Marriage of conservatism and the radical right

The Jordan Peterson phenomenon (part 2)

/ by Rok Plavčak

Conspiracy theorist

 

Anders Behring Breivik in his fifteen-hundred page long manifesto, 2083 – European declaration of independence, declared war on »cultural Marxist« who are destroying European culture and tradition. Cultural Marxists are by his definition »socialists, collectivists, ‘politically correct’ types, feminists, gay and disability activists, animal rights activists, environmentalists etc. […] who support multiculturalism« and »political correctness.«

Cultural Marxism, Breivik explains in his declaration of war, was consciously created by the adherents of the Frankfurt School - Horkheimer, Adorno, and Marcuse - but the term also includes ideas of »father of deconstruction, Jacques Derrida,« »extreme feminism [which] is a Marxist concept,« cultural relativism, »psychological warfare against the European male,« and emasculation. It occurred so »quietly« that when they »realized it, postmodernism was upon them with a vengeance.« Dressed as a police office, Breivik, in order to protect European culture and western civilization, set off on a killing spree and killed 69 participants of the summer camp of the youth democratic socialist organization AUF in the year of 2011.

Nowadays the most successful pundit with his conspiracy theory of cultural Marxism is Jordan Peterson. He fashionably rebranded it into »postmodern neo-Marxism,« which gives the concept a flavor of originality but releases it from the association with the original conspiracy theory that has its notorious paradigm in Nazi propaganda and the creation of the new internal enemy (the Jews), the so called »cultural Bolshevists.«

Under the term »postmodern/Marxist thinkers« Peterson counts in the proponents of the Frankfurt school Horkheimer, Adorno and Marcuse, Jacques Derrida, radical feminism, gender studies and »feminist, anti-racist, and queer theories.« The burden of guilt for weakening the Western culture Peterson lays on the »whole disciplines in universities forthrightly hostile towards men. These are the areas of study, dominated by the postmodern/neo-Marxist claim that Western culture, in particular, is an oppressive structure, created by white men to dominate and exclude women (and other select groups); successful only because of that domination and exclusion.«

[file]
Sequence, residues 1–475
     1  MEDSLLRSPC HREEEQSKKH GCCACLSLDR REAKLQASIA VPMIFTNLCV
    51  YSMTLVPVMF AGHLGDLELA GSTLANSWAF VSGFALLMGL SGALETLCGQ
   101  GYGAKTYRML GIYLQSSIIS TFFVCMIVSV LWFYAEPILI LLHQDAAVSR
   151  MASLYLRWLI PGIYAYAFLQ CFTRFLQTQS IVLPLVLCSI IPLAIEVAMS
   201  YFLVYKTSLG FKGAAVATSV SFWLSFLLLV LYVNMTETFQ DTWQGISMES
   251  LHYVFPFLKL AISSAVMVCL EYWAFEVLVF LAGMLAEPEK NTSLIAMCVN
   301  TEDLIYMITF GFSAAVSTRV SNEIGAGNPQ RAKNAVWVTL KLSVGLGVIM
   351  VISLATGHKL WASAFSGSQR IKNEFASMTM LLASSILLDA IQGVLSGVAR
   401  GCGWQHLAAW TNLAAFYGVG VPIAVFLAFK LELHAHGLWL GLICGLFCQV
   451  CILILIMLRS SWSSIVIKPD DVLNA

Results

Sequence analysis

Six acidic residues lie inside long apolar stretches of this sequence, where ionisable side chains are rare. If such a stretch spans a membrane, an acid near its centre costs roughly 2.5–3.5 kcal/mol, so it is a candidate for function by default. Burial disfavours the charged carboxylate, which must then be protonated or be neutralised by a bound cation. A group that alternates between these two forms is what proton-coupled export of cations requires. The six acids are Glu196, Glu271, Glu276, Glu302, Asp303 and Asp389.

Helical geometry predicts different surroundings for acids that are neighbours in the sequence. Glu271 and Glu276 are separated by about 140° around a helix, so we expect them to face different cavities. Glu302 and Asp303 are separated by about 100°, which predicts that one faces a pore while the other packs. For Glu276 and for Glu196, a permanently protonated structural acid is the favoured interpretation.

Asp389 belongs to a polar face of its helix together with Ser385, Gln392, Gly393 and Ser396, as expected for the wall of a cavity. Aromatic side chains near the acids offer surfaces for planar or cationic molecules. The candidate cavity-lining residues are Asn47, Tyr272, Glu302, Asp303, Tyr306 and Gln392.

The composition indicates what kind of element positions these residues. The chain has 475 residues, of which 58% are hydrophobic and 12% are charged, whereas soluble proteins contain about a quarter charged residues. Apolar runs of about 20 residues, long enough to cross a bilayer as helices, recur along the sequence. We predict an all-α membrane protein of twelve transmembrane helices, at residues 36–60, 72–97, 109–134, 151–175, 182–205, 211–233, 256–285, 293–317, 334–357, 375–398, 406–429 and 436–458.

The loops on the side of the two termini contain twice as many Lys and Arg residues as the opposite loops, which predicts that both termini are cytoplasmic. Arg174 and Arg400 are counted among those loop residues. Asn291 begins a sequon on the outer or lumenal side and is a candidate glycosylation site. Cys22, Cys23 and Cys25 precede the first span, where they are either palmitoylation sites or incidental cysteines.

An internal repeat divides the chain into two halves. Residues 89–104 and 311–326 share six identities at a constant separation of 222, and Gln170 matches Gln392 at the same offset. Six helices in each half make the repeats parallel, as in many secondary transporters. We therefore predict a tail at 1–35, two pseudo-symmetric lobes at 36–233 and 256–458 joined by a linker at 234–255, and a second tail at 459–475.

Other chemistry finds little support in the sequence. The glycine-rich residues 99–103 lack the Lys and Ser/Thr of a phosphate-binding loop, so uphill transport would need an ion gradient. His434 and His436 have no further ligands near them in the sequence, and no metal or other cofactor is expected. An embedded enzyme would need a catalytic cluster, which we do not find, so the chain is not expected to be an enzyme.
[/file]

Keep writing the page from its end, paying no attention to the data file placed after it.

Breivik, in hoping to recruit his future »Knights Templar« was warning us about the devious plans of the cultural Marxist, »who are trying to systematically and gradually destroy European culture, traditions, our identities and to limit the sovereignty of nation states.«

Peterson blames the degeneration of the west on the fact that »we have been withdrawing from our tradition-, religion- and even nation-centered cultures« and »are increasingly falling prey to the desperation of meaninglessness,« for which »postmodern neo-Marxist institutions and educators whose stated, conscious and explicit aim is the demolition of the culture that supports them,« are responsible. And last but not least he blames political correctness.

Neonazi versions of the conspiracy theory believes that »cultural Marxism« is a plan created and run by the Jews to achieve Jewish world domination. Peterson's claims that »barely repentant Marxists still inhabiting the intellectual pinnacles of the West« have transformed Marxism into a postmodern theory in order to »retain their world-view« but nowadays »the law schools are overrun by postmodernists who are undermining the structure of Western law as fast as they possibly can,« as is happening in other academic areas. »Postmodernism is,« Peterson claims, invoking the archetype of perfidious snake, »the new skin that the old Marxism now inhabits,« since Marxist have »rebranded themselves under the postmodern guise.«

Despite the inconvenient details of both »thinkers« (since at times it seems that Peterson was plagiarizing Breivik), we have to admit there are essential differences between the two. For the«cultural Marxist« who are political activists and politically compromised »journalists, influential sociologists or university professors,« Breivik dictates »death penalty and expropriation« of their personal belongings. While Peterson, a vocal proponent of the freedom of speech, is less draconian since he demands merely censorship and the cessation of funding from public resources for the programmes or even for entire »corrupted departments« where theories of »postmodern Marxism« are being taught.